Why it matters
New research shows plastic makes up 78 percent of waste on New Zealand beaches.
Our seabirds are particularly vulnerable to plastic pollution: global research has found rubbish is being fed to chicks by their parents and it is killing them.
But they aren’t the only victims. One in every three turtles recovered in our country has died or is sick from eating plastic. We are calling for the Government, for industry, manufacturers, retailers and the public – at home and overseas - to end plastic waste. Now.
Global production is doubling every 11 years and, if it continues at its current rate, it is predicted by 2050 there will be more plastics, weight for weight, than fish in the ocean.
New Zealand is the “seabird capital of the world” with the highest number of species found nowhere else on the planet. They are also the world’s most threatened birds, their survival limited by needless deaths caused by incidental capture in commercial fisheries, predation and the impact of climate change.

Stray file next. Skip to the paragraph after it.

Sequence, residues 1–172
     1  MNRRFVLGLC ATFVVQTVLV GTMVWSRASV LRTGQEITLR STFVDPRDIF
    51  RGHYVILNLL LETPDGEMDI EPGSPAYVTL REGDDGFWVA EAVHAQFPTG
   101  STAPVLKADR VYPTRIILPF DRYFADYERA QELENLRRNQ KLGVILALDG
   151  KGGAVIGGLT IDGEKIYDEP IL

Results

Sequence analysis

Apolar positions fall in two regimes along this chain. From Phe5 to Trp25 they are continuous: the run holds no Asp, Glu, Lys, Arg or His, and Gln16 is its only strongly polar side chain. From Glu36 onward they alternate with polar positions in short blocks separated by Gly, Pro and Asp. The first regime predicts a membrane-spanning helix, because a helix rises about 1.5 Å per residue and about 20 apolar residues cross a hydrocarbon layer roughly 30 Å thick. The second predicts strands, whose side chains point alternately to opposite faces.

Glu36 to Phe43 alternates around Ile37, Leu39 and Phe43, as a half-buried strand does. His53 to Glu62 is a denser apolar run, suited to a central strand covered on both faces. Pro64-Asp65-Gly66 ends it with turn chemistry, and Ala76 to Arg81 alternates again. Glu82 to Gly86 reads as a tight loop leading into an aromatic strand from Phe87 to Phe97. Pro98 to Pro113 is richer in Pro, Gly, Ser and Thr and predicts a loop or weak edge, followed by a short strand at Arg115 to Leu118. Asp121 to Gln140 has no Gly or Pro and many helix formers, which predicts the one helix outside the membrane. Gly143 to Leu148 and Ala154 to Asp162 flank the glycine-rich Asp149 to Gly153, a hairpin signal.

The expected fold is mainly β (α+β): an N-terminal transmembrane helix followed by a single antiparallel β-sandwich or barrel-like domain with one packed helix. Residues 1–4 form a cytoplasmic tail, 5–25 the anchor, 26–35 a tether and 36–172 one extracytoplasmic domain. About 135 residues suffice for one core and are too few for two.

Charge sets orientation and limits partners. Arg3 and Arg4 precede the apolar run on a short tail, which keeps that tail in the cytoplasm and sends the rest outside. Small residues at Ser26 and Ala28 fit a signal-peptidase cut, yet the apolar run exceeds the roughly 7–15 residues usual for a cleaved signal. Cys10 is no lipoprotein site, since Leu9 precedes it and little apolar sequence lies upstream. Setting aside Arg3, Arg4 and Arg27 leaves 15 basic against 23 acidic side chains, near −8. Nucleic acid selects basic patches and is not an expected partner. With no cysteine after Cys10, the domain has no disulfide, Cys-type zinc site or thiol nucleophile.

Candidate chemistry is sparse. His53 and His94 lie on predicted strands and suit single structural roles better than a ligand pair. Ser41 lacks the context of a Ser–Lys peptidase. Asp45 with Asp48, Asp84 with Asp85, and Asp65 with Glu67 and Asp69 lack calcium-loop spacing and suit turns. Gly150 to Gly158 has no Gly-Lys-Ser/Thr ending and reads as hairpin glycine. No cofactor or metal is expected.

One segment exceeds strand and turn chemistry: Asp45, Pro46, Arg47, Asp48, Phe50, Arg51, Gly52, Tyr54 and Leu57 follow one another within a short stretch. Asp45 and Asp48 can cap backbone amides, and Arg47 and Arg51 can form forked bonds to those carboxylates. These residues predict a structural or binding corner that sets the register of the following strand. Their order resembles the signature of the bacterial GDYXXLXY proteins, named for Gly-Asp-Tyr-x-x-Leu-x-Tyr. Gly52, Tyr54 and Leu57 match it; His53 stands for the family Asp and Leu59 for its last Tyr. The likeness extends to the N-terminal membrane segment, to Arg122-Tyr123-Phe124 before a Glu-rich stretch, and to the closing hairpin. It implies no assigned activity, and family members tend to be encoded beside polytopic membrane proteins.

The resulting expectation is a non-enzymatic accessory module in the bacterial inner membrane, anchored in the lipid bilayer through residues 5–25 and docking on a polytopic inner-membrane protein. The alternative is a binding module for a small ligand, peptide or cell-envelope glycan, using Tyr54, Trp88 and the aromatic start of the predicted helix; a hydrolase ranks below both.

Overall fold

And now plastic. The undercover killer.
Seabirds are especially vulnerable to plastics. When plastics get into the sea the scum on the surface produces a chemical – dimethyl sulphide – that is a substance seabirds are attracted to. In other words, they believe they are eating food – and feeding it to their chicks – when they eat plastic.
Chicks that are fed plastic are malnourished and can die of starvation or dehydration. Toxic chemicals are also adsorbed onto plastic and can also affect their development and their ability as adults to breed. And it’s a similar story for turtles – plastic has been shown to directly cause death.
What do we want?
At home we are calling for the Ministry for the Environment to collaborate with industry and the public to create a circular economy – one in which plastic is dramatically reduced and blocked from entering our seas.
Internationally Forest & Bird has put forward recommendations for the New Zealand Government to take the lead, urging members of the United Nations Environment Assembly to create a legally binding international agreement to reduce marine litter and micro plastics.